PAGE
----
Spanish Spring 2015: Expanded Graduate Course Descriptions

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Spanish 205: Spanish Phonology (4 units)
Travis Bradley, Professor

M 4:10-7:00P
141 Olson Hall
CRN 52752


Course Description: Phonology is the subfield of theoretical linguistics that attempts to explain why sounds pattern the way they do in the languages of the world. This seminar provides an introduction to the organization of the Spanish sound system from the perspectives of linear and non-linear generative phonology. Comparisons will be made among Spanish dialects and with other languages as appropriate. Students will be able to (1) identify sound patterns from a set of data; (2) describe these patterns using the formalisms of phonological theory; (3) read, understand, and critique analytical proposals from the literature; and (4) explore a research topic in Spanish phonology.

Prerequisite: Some knowledge of phonetics and consent of instructor (tgbradley@ucdavis.edu); Linguistics 109 and 139 highly recommended.

Format: Seminar - 3 hours; Term Paper.

Textbook:

  • Fonología generativa contemporánea de la lengua española [2nd Edition], edited by Rafael Núñez-Cedeño, Sonia Colina and Travis Bradley  (Georgetown University Press, 2014)
     

Spanish 224: María de Zayas and the Hispanic Baroque (4 units)
John Slater, Professor

T 4:10-7:00P
622 Sproul Hall
CRN 50274

Course Description:
 This is a course about three things: María de Zayas, movement, and the Baroque.  María de Zayas was one of the bestselling authors of the seventeenth century; her astounding Novelas amorosas y ejemplares form the centerpiece of this course.  Her Novelas often represent the problematic movement of human bodies, goods, and texts.  We will pay particular attention to illicit movement and appropriation that are nearly paradigmatic of the Baroque.  Lastly, we will use this Zayas as a point of departure to analyze the Hispanic Baroque, the Barroco de Indias, and neo-barroco.

Prerequisite: Graduate standing or consent of instructor (jslater@ucdavis.edu).

Format: Seminar - 3 hours; Term Paper.

Textbooks:

  • Bernardo de Balbuena, La Grandeza Mexicana
  • Maria de Zayas y Sotomayor, Novelas amorosas y ejemplares [2nd Edition]  (Catedra, 2000)
     

Spanish 274: Studies of a Major Writer, Period, or Genre in Latin American Literature (4 units)

Section 001: Theories of Iberia and Latin America (4 units)
Robert Newcomb, Professor

R 4:10-7:00P
622 Sproul Hall
CRN 50276

Course Description:
 This seminar focuses on Iberian and Latin American essays of national interpretation that question received definitions of Iberia and Latin America as geographic, historical and cultural entities. Chronologically, we will focus on the turn of the twentieth century. Many of the period’s finest peninsular and Latin American writers, in responding to rapidly changing conditions “on the ground,” bypassed literary genres such as the novel and poetry, and instead utilized essayistic texts to dialogue directly with their audience on questions of national and international significance. This move toward literary non-fiction resulted in some of peninsular and Latin American literature’s most incisive works on questions of national and regional identity, including the following, which we will read: Antero de Quental’s Causas da Decadência dos Povos Peninsulares (Causes of the Decline of the Peninsular Peoples, 1871), Oliveira Martins’s História da civilização ibérica (History of Iberian Civilization, 1879), José Martí’s “Nuestra América” (1891), Miguel de Unamuno’s En torno al casticismo (1902), José Enrique Rodó’s Ariel (1900), and Sérgio Buarque de Holanda’s Raízes do Brasil (1936). Secondary readings include Theodor Adorno, Alfredo Bosi, Edward Said, and Hayden White. Class discussions will be conducted primarily in Spanish. Good reading knowledge of Portuguese is helpful, but not required. English translations will be available for Portuguese texts.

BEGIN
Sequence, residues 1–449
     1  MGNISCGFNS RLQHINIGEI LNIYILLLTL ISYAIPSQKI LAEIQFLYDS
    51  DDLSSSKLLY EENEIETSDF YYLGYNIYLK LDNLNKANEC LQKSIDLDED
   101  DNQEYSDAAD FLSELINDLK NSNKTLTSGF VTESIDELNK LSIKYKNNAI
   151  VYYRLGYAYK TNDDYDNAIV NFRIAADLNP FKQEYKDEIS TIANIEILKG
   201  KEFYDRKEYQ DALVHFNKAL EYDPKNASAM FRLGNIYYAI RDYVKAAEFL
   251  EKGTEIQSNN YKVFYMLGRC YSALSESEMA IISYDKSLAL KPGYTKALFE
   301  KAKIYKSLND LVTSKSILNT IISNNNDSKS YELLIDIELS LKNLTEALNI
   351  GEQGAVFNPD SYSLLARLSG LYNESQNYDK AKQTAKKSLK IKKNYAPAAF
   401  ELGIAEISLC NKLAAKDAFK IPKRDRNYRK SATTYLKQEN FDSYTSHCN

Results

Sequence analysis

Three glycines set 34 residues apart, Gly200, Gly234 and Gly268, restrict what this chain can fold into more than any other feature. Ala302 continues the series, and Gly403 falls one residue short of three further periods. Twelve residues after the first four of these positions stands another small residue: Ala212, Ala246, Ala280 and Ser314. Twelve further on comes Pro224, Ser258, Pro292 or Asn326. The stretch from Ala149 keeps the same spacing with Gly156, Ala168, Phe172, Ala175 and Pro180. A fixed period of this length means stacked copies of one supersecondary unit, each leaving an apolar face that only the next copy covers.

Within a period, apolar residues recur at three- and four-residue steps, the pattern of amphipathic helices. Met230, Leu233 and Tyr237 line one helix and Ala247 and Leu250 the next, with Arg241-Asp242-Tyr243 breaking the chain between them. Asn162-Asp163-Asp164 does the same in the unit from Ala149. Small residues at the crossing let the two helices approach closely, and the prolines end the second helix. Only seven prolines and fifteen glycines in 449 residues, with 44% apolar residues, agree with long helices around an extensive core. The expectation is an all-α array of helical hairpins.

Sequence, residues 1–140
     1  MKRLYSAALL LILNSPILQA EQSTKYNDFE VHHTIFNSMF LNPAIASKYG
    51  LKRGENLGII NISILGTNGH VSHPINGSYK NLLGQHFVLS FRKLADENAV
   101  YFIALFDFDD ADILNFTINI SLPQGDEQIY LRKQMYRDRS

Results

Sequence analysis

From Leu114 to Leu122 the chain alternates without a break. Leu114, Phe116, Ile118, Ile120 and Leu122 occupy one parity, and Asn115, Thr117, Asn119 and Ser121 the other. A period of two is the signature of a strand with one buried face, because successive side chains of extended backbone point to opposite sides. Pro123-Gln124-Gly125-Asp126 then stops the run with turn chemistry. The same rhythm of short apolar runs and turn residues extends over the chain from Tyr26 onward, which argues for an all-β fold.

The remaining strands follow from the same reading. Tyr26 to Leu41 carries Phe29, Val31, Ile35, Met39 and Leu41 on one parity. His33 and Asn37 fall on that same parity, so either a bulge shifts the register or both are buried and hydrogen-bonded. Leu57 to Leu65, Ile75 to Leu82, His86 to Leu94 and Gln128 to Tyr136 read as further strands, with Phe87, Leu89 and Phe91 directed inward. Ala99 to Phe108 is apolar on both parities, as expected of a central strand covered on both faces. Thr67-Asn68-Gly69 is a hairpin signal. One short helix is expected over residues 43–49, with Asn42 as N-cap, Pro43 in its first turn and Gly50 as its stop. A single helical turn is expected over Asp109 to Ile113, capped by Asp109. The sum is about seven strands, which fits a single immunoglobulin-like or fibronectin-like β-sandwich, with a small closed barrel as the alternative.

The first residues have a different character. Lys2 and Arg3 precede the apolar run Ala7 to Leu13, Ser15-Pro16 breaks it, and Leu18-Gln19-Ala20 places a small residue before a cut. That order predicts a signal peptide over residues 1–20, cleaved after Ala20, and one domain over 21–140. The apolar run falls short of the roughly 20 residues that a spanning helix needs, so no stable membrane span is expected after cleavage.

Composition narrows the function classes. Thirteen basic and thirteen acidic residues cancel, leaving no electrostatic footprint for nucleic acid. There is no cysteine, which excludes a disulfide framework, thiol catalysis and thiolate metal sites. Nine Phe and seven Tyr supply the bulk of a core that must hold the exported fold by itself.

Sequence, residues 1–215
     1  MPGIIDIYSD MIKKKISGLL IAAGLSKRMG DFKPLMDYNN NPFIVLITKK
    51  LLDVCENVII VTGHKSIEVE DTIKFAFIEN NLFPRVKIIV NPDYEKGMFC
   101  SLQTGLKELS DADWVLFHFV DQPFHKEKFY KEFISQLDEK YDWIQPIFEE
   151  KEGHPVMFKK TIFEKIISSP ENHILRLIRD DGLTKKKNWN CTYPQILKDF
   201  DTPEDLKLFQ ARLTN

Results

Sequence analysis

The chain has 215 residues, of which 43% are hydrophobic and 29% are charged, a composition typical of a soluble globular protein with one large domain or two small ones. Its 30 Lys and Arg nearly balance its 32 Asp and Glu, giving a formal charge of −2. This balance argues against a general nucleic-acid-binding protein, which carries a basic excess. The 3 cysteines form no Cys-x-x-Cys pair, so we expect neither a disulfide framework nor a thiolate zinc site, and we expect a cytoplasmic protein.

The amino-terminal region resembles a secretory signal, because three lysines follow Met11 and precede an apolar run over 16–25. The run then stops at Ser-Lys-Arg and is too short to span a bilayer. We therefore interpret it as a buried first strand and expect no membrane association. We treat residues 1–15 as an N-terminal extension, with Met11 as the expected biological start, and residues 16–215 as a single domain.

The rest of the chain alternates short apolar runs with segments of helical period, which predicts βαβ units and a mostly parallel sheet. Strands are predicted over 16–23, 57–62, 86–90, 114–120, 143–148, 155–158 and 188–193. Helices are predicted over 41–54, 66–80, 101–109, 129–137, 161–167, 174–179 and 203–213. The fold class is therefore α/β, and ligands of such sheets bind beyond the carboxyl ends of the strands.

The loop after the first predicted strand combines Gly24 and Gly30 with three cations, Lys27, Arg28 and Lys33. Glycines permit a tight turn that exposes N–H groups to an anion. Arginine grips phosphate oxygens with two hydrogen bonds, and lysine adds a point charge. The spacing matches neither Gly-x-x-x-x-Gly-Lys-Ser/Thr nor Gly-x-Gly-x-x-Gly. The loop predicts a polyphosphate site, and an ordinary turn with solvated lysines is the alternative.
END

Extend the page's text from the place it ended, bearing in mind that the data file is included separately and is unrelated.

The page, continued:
Prerequisite: Graduate standing or consent of instructor (rpnewcomb@ucdavis.edu).

Format: Seminar - 3 hours; Term Paper.

Textbooks:

  • None


Section 002: Emotion and Affect in Latin America (4 units)
Ana Peluffo, Professor

W 4:10-7:00P
622 Sproul Hall

CRN 50277

Course Description:
 This course  will examine the role of affect and feelings in the configuration of national, gendered and racial identities in Latin America. While tracing the complex genealogy of the discourse of affect in different cultural areas , we will discuss the political uses of emotion in indigenista and abolitionist narratives, the cultural representation of tears in literature and film, and the different models of sensibility that emerge in Latin American texts. Visual materials will be incorporated into our weekly discussions as well as theoretical texts on the emotions by Sarah Ahmed, Lauren Berlant, Eva Illouz, and Norbert Elias among others.

Prerequisite: Graduate standing or consent of instructor (aopeluffo@ucdavis.edu).

Format: Seminar - 3 hours; Term Paper.

Textbooks:

  • Will be announced by professor